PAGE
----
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ladybright
Monday, December 18th, 2006, 07:14 PM
Can anyone give me directions on how to make one of the little horses for under the yule tree. My grandma has told me that there was one under her tree when she was little and i want to make one if I can.

Thank you for your help.

Goblim
Tuesday, February 6th, 2007, 10:45 PM
Don't you mean goat? That's what we have here in Sweden anyway, called julbock (yule goat). It's made of straw and looks like this:

http://www.brunnvalla.ch/d/images/julbock.jpg

Cute, ain't it? ;)

Sifsvina
Thursday, February 8th, 2007, 12:00 AM
Sorry, I didn't see this question untill now. To make a "corn mare" like the one in the pic you take a bundle of straw tie it around the middle with ribbon/yarn for the body and then divide the ends, bend them, and wrap them with ribbon to make the legs, head and tail. I've helped do big ones and have seen ornament size ones that are made the same.
Wassail!

Blåhök
Sunday, July 29th, 2007, 04:22 PM
Don't know where your grandmother came from but, as mentioned, could it be the Yule Goat (http://en.wikipedia.org/wiki/Yule_Goat)? (sv: halmbock, julbock, julebock)
Still fairly popular in Sweden (and, as I understand it, also the other Scandinavian countries).

Make one (http://www.halmenshus.com/sbock.asp?nr=0)
Get one (http://www.goingehalmslojd.se/)
Picture (http://www.hallekis.com/arkiv1/xx011111-jul6.jpg)

Europa
Monday, July 30th, 2007, 01:48 PM
That is neat. I have a Yule goat ornament I hang on the tree every year that my Mom brought back from a trip to Sweden. Perhaps the Yule horse is from another part of Scandenavia? Perhaps a representation of Woden's horse, Slepnir? I am sure the goat must be representetive of Thor. Thank you for this information. Now I want to make a big one to decorate for Yule this year!!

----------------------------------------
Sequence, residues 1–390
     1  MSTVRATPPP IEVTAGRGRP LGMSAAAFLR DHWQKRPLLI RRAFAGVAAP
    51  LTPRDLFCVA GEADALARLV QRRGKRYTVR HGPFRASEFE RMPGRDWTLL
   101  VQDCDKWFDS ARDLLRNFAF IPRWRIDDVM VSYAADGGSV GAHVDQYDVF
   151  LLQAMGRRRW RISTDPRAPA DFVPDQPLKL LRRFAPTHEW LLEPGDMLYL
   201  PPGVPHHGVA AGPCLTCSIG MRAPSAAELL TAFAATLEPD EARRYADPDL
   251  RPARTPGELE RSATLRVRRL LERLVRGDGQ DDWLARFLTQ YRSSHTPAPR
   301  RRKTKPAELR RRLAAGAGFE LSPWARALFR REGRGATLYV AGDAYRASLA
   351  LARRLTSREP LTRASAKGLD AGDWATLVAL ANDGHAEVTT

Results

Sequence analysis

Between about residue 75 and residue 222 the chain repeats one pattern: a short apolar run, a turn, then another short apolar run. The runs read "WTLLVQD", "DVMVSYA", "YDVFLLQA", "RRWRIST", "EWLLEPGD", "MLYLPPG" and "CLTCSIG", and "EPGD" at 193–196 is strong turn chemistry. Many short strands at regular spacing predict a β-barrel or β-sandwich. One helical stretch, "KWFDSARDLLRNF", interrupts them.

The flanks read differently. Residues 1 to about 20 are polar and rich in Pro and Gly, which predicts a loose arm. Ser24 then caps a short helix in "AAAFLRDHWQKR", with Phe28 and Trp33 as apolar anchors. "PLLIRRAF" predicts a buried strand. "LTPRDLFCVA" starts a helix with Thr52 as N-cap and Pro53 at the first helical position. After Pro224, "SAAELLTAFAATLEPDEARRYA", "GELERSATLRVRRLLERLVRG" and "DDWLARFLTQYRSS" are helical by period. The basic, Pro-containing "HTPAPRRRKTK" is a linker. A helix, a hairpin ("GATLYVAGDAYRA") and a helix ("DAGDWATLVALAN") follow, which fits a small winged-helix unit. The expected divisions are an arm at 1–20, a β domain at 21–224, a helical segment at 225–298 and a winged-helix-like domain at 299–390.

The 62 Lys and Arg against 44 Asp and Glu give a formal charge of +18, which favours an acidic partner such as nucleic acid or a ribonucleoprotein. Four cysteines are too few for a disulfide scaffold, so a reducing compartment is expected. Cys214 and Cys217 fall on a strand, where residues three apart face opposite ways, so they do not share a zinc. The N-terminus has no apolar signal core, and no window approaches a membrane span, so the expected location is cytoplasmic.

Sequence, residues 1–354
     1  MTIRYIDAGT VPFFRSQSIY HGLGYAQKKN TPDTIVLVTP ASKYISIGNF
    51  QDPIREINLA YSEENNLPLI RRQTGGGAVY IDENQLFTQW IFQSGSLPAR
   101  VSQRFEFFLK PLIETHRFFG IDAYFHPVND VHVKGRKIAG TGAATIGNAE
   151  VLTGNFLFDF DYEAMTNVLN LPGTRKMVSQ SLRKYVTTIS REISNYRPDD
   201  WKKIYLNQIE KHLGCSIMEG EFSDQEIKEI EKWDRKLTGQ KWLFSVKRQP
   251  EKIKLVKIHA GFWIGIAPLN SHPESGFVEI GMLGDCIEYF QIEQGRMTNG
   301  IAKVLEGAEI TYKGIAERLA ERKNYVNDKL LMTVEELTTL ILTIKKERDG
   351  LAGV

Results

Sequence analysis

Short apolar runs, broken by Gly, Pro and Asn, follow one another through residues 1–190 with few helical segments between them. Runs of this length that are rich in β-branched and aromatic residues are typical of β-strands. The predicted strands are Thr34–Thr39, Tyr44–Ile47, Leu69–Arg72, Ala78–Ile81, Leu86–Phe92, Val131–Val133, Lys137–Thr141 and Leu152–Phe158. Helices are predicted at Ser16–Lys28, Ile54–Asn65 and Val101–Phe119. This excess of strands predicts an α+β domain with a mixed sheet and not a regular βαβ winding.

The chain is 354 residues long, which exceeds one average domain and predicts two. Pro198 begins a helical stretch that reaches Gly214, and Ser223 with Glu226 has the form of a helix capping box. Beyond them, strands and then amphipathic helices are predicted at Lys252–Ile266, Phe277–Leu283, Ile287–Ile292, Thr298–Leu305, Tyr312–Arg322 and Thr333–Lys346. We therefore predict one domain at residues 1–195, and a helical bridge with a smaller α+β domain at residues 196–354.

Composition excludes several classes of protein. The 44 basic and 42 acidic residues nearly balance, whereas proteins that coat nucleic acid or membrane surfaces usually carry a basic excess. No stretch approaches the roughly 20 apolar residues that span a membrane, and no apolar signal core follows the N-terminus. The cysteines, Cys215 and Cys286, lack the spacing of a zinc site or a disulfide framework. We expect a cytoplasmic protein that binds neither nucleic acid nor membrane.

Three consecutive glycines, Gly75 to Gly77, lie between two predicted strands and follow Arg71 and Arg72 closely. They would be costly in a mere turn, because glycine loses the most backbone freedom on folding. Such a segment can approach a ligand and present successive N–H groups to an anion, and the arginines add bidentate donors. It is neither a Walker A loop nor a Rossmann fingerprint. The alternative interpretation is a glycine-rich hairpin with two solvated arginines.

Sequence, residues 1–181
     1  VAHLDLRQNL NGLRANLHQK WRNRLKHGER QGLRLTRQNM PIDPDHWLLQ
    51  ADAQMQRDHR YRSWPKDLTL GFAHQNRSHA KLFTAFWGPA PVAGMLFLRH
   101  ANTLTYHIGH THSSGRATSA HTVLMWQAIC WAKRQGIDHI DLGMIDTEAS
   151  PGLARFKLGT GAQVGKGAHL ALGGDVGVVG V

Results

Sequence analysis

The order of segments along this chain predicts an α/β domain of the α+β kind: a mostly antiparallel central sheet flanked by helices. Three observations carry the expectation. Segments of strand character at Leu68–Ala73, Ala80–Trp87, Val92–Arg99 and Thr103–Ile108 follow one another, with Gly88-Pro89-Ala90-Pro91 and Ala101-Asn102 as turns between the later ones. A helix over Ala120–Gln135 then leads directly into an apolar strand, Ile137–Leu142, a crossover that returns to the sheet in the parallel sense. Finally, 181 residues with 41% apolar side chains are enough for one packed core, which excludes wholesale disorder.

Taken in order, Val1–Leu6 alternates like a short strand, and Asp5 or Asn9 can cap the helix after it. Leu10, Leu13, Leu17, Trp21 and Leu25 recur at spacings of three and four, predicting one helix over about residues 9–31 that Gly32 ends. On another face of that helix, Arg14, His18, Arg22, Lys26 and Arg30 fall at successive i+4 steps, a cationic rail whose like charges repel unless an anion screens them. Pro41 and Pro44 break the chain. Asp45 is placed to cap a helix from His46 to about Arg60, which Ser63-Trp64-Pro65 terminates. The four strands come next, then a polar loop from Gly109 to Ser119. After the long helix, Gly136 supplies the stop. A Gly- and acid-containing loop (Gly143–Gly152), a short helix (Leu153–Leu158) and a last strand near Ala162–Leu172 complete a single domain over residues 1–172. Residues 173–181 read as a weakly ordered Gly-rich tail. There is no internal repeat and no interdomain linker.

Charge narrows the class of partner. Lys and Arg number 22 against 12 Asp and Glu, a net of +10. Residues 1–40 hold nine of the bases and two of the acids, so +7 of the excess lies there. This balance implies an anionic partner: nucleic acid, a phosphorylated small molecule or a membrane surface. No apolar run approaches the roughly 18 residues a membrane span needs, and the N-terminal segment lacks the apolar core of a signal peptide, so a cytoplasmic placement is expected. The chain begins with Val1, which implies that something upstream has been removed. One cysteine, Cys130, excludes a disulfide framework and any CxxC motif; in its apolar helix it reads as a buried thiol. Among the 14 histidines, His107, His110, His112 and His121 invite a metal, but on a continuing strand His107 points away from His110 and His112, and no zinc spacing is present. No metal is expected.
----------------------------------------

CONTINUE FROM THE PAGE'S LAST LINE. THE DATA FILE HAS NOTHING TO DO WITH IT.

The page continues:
freyjaschild
Monday, August 13th, 2007, 06:12 AM
I think what you are referring to is the Dala Horse of Sweden. My mom uses this in her Yule decorations each year. The following is an article about it which I found by doing a simple keyword search on google....I'm sure there is so much other great info out there...

The Dala Horse... From Folk Toy to Lindsborg Tradition
by Joyce Englund

One of the questions most often asked by visitors to Lindsborg has to do with the symbolism of the town's repeated use of the Dala (Daw'la) Horse. This gaily-colored horse appears in many forms throughout the city, having been adopted as the central motif in the official logo of the City of Lindsborg in the 1960's.

The original Dala Horse (Dalahäst) has been around for many centuries, and probably was created by Swedish woodcutters in the province of Dalarna near Mora. During the long winters, these lonely men would spend their evenings away from their families, and passed their time by carving little toys for their children. While these carved wooden toys, made from the scraps of the men's occupation, were mostly horses, some were also roosters or pigs. However, the most enduring of these little creatures remains the Dala Horse.

The bright, happy little animal as we now know the Dala Horse probably originated in the 1700's. The carving of the stocky little tailless horses had become a well-established tradition, but up until this time they had been unpainted and had just the natural grain of the wood for ornamentation.